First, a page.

On February 11th, during a confrontation between Sea Shepherd and the Japanese security ship Shonan Maru 2, an incident occurred that provided an excuse for the Institute for Cetacean Research (ICR) to issue a media statement accusing Sea Shepherd of injuring three Japanese crewmembers with butyric acid (rotten butter).
According to the ICR media release, the three men were injured when butyric acid splashed into their faces.
Captain Paul Watson doubted the story because butyric acid, which is essentially rotten butter, is non-corrosive, nontoxic, and organic. It does not burn nor does it cause eye or skin irritation.
In reviewing video footage of the confrontation, the Sea Shepherd crew discovered the real source of injuries for the three Japanese crewmembers. The three crew were indeed injured because they shot themselves in the face with pepper spray.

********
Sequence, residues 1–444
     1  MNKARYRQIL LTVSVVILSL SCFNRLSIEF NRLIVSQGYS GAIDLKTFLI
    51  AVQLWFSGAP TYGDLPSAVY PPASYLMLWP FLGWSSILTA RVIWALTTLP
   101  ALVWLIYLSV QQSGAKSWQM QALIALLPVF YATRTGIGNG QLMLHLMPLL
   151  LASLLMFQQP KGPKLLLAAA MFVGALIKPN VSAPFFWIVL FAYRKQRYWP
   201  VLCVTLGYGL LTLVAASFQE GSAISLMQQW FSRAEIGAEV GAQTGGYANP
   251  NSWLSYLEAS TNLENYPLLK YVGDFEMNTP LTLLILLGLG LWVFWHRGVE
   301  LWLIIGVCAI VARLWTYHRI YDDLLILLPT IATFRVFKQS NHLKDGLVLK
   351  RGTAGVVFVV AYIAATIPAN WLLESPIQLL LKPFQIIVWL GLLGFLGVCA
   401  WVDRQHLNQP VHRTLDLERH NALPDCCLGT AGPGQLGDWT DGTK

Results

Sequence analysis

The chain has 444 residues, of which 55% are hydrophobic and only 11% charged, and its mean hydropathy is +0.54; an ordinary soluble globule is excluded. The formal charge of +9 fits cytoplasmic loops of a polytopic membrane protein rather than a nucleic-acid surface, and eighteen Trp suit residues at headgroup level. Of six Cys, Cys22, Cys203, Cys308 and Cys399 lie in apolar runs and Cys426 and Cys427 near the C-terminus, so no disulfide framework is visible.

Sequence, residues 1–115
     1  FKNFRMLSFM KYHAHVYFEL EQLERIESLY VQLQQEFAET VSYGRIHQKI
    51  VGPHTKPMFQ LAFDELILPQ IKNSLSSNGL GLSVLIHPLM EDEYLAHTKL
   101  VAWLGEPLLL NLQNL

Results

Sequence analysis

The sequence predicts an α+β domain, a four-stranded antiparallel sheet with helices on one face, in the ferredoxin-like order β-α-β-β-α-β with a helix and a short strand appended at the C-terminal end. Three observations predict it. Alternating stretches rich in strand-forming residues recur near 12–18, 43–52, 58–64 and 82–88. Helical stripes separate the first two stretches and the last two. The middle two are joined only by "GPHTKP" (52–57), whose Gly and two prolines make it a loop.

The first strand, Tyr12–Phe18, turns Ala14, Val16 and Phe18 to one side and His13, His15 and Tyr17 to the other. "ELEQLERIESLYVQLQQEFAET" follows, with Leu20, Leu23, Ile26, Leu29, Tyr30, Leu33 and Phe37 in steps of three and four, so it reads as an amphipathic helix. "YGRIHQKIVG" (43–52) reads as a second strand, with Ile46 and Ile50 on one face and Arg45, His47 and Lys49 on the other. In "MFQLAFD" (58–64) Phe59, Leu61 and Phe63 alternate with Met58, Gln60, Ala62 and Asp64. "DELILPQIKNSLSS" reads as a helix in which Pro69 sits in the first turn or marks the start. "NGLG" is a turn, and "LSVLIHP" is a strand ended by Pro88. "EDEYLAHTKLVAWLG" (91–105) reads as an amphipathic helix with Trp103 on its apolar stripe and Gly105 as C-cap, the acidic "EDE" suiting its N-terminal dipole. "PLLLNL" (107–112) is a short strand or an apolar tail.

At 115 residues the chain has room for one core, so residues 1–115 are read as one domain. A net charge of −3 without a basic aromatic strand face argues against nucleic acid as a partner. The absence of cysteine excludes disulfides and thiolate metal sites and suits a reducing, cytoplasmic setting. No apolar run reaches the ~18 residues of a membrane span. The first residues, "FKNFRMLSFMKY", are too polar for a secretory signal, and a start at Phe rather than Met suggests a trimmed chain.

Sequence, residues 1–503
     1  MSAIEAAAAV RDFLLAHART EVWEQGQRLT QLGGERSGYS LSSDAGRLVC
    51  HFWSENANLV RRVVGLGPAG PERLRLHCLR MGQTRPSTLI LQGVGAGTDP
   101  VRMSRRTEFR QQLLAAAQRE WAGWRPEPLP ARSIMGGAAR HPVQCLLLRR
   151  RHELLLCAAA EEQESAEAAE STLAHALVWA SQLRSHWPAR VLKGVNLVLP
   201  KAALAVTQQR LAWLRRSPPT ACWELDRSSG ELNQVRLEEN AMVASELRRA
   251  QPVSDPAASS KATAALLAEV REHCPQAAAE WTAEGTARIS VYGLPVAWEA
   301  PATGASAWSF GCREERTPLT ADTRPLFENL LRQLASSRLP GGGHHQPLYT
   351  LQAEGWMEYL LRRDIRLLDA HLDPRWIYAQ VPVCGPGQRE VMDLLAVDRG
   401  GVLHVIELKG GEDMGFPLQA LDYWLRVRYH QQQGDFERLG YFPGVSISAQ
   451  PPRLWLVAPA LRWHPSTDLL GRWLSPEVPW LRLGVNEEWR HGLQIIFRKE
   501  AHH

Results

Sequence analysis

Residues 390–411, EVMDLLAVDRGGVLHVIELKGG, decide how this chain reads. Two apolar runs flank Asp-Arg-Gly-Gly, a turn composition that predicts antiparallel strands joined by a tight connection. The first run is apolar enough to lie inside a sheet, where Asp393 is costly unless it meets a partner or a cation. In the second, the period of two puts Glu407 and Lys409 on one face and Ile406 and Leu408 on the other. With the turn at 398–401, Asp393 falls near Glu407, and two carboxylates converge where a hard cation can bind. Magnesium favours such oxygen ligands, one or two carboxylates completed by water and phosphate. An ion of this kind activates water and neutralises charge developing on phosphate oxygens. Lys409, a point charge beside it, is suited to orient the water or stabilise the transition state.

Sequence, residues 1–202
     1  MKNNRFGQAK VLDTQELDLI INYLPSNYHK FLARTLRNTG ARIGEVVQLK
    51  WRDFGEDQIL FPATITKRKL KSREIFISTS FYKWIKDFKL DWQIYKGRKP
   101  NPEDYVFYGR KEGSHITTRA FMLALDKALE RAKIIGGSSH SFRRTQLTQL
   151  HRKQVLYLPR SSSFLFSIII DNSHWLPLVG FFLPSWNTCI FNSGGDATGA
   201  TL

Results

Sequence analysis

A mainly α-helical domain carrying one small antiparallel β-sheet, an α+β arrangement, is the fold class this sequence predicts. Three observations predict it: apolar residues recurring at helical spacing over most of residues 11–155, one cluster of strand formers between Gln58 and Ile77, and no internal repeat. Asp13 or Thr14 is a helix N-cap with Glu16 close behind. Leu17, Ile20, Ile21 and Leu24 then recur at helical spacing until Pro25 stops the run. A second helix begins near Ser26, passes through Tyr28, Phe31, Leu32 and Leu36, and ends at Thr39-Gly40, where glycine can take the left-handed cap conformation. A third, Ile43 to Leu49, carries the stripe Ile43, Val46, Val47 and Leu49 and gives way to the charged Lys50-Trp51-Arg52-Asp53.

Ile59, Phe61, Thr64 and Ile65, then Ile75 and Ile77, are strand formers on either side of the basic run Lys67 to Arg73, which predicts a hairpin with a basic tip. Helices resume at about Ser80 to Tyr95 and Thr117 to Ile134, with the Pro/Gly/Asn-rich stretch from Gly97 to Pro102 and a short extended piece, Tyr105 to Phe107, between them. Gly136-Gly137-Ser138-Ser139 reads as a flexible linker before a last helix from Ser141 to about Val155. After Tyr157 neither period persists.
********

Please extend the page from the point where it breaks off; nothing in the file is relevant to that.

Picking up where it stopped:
The video clearly shows three Japanese crewmembers on the deck of the Shonan Maru 2. Two of the crew are wearing metal tanks on their backs with nozzles in their hands looking just like the ghost busters. A third crewmember is standing by. The video shows the two crew with the tanks aiming their nozzles at the Sea Shepherd crew in an inflatable boat. The nozzles send out a blast of pepper spray towards the Sea Shepherd crew and the camera. However the wind was not in favor of this Japanese tactic and the pepper spray is blown back into the faces of the three crew, who can be clearly seen rubbing their eyes. They appear to be suffering irritation to their eyes.
The Sea Shepherd Conservation Society will be posting video footage as proof that the media release by the ICR was a lie and an attempt to accuse Sea Shepherd of injuring Japanese crewmembers.
The Sea Shepherd Conservation Society has never caused a single injury to any person since the organization was founded in 1977.
"I think this video absolves Sea Shepherd of any wrong-doing and demonstrates that the Japanese whalers routinely spin their stories to demonize our efforts to defend the whales from their illegal activities," said Captain Paul Watson.
The Sea Shepherd ships Bob Barker and Steve Irwin have had the Japanese whaling fleet on the run for eight days without a single whale being killed. The Nisshin Maru is continuing to head westward and the fleet and the Sea Shepherd ships are now 2000 miles south of South Africa.
photo credit: Sea Shepherd